Yogurt Myths

Not all yogurts are created equal.   I suppose I knew this, but on some level didn’t fully believe it to be true.  Well folks, I came across an astonishing statistic yesterday.  I was reading an interview with the super-smart Michael Pollan.  He’s the author of The Omnivore’s Dilemma and has a new book coming out called Cooked.

In this interview, Pollan was asked about Go-Gurt.  Granted, I wouldn’t pick Go-Gurt up for myself because I assumed it was sugary, but listen to the stat that followed.  He said, “Unless you’re buying plain, there is more sugar per ounce in the typical flavored yogurt than there is in a soda”. Isn’t that shocking?!  That is incredibly sugared yogurt!  Basically flavored yogurt is candy.  What a mean trick.   It shouldn’t be this hard to eat healthy.   But that’s a rant for another day.

I got totally freaked out that I was consuming grams upon grams of sugars in my yogurt, unknowingly.  But what I found was reassuring. 

Corn starch! Noooo…

This is the list of ingredients for Low Fat Plain Stonyfield yogurt.  There are 15g carbs in 1 cup.

CULTURED PASTEURIZED ORGANIC NONFAT MILK, PECTIN, VITAMIN D3. CULTURES: S. THERMOPHILUS, L. BULGARICUS, L. ACIDOPHILUS, BIFIDUS, L. CASEI, AND L. RHAMNOSUS

 And for their Strawberry Low Fat, which contains 36g carbs in 1 cup; the increased carbs comes from both sugar (note, it’s the 2nd ingredient) and flavoring. 

CULTURED PASTEURIZED ORGANIC LOW FAT MILK, ORGANIC SUGAR, ORGANIC STRAWBERRY JUICE FROM CONCENTRATE, NATURAL FLAVOR, ORGANIC NATURAL VANILLA FLAVOR, ORGANIC BEET JUICE CONCENTRATE (FOR COLOR), PECTIN, VITAMIN D3. CULTURES: S. THERMOPHILUS, L. BULGARICUS, L. ACIDOPHILUS, BIFIDUS, L. CASEI, AND L. RHAMNOSUS

Lastly, I looked at Pomegranate Chiobani because that’s what I eat when I’m lazy; 21g of carbs and 19g of those are sugar.

Lowfat Yogurt (cultured Pasteurized Nonfat Milk, Cream, Live And Active Cultures: S. Thermophilus, L. Bulgaricus, L. Acidophilus, Bifidus And L. Casei), Passion Fruit Puree, Evaporated Cane Juice, Pectin, Natural Flavor, Locust Bean Gum.


I did not realize that Stonyfield flavored yogurt has so much sugar. I very easily trusted that Stonyfield wouldn’t steer me wrong…trust no one.  Chiobani seems less bad as far as sugar content, which I’m glad to read.  I will be transitioning back to plain yogurt with my own toppings: fruit, honey, maple syrup, nuts, seeds.  The possibilities are endless!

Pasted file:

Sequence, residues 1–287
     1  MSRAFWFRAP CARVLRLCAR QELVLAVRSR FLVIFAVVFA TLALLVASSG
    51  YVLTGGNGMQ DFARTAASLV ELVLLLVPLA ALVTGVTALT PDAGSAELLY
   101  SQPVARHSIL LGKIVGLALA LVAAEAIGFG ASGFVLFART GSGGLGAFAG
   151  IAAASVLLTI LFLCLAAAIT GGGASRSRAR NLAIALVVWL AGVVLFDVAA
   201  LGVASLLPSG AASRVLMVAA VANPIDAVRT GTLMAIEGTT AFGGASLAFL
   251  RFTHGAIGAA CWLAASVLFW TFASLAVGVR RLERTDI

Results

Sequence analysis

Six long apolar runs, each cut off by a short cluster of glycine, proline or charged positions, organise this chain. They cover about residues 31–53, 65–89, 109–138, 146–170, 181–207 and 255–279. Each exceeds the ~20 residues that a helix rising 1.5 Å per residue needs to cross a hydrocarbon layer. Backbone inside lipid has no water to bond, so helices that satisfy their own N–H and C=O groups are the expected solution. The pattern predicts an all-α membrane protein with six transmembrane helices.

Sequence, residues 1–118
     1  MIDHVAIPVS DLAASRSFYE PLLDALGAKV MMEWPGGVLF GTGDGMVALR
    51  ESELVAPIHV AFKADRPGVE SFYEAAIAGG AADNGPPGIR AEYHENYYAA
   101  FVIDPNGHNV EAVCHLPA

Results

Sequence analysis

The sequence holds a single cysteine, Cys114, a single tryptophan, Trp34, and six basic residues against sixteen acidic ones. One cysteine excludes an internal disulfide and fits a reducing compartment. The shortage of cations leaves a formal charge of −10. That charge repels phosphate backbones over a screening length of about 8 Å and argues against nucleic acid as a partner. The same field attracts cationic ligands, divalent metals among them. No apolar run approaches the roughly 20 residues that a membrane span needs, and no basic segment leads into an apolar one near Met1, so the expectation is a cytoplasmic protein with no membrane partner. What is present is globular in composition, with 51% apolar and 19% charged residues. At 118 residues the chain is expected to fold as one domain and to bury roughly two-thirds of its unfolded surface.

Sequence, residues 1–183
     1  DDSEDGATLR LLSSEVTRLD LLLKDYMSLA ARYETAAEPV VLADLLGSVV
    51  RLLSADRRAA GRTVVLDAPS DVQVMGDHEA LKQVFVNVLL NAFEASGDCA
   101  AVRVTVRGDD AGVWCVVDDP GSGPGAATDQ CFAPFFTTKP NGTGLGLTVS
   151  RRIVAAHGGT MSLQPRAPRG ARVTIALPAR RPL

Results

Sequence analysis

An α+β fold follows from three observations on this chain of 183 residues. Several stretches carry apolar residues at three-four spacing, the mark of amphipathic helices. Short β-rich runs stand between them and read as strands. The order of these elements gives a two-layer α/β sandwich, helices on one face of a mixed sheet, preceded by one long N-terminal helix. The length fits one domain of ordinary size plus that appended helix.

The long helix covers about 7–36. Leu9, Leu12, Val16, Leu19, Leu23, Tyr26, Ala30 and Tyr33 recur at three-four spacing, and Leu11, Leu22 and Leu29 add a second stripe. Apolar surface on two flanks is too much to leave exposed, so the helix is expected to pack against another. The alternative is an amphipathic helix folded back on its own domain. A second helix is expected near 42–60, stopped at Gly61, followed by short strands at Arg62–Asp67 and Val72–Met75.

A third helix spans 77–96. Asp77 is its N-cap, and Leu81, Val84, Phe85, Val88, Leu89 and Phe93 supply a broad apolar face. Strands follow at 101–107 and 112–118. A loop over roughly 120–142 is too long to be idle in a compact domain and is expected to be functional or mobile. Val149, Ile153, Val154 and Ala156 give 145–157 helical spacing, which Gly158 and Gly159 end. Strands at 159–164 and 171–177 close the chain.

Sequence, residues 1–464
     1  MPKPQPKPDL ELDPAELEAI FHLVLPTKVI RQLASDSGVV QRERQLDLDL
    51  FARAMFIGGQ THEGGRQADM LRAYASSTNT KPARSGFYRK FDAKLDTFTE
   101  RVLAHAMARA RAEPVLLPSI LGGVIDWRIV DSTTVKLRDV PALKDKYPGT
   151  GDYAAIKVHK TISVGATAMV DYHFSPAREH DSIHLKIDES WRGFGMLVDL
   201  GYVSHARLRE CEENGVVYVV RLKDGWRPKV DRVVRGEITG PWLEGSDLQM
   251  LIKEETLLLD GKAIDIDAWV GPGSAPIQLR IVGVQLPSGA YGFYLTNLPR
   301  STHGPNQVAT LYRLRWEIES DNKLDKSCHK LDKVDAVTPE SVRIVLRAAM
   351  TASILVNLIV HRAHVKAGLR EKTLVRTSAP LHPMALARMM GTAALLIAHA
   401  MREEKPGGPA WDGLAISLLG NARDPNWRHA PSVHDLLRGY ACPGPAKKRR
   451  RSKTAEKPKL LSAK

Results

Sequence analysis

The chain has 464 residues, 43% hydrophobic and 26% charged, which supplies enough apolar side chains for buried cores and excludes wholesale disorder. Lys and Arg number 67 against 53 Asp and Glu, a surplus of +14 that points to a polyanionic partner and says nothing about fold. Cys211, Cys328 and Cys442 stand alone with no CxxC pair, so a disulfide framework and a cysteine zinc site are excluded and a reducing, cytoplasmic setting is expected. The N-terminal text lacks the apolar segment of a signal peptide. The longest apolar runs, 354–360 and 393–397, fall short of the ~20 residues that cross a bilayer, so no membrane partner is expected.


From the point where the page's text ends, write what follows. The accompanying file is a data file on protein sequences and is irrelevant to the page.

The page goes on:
And lesson learned: always look at what you’re eating.  After all, you only get one body.

Go forth, eat healthy yogurt, and be happy!

AQ. 

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6 thoughts on “Yogurt Myths

  1. I've made a huge effort to limit added sugars in my food (except when I have Ben and Jerry's for dessert!). Cottage cheese is a good protein-rich, low-sugar substitute for yogurt. I recommend Friendship – it's the only brand I buy!

  2. It took a couple of years to fully change my eating habits, but now it's pretty easy to limit sugars in my three main meals. Staples of my diet are eggs, cheese, nuts, meat, fruits and vegetables (kale and broccoli are my favorites!). The only time it's difficult is when I want dessert, which is often because I have a huge sweet tooth, and tend to go overboard. I've been trying to have fresh fruit, a Larabar or a Kind bar instead of more decadent things. Do you have any relatively healthy favorite desserts?

  3. Those are mostly my staples, too. Apparently mostly my breakfast needs adjusting! If I'm going to have dessert, I usually don't mind just having the sugar (I have more of a salt tooth). But, if I'm on a dessert kick, I like to go for berries in milk. Strawberries, blueberries, raspberries…all delicious in cow milk, soy milk, almond milk. It's sweet, but healthy. I have also come across some pretty good cookie recipes that don't call for sugar. Have you ever used coconut oil? I'm dying to try it out. Apparently a small amount works great as a sweetener; you can use it in things from coffee to baking.

  4. Every Sunday we roast 10 lbs. of carrots in coconut oil to eat throughout the week! The carrots take on this amazing flavor. Definitely try it sometime! We normally use it for savory things, like roasting vegetables or frying eggs, but I did grease cake pans with it once and it gave a nice subtle coconut flavor to the cake! CO can be a little expensive, but you can get a reasonably priced jar at Trader Joe's to try it out. It's also available at Amazon at an even better price, if you need to bump your purchase up to $25 :)Thanks for the berries-in-milk suggestion. I love berries and have a couple of boxes of coconut milk that I don't know what to do with!

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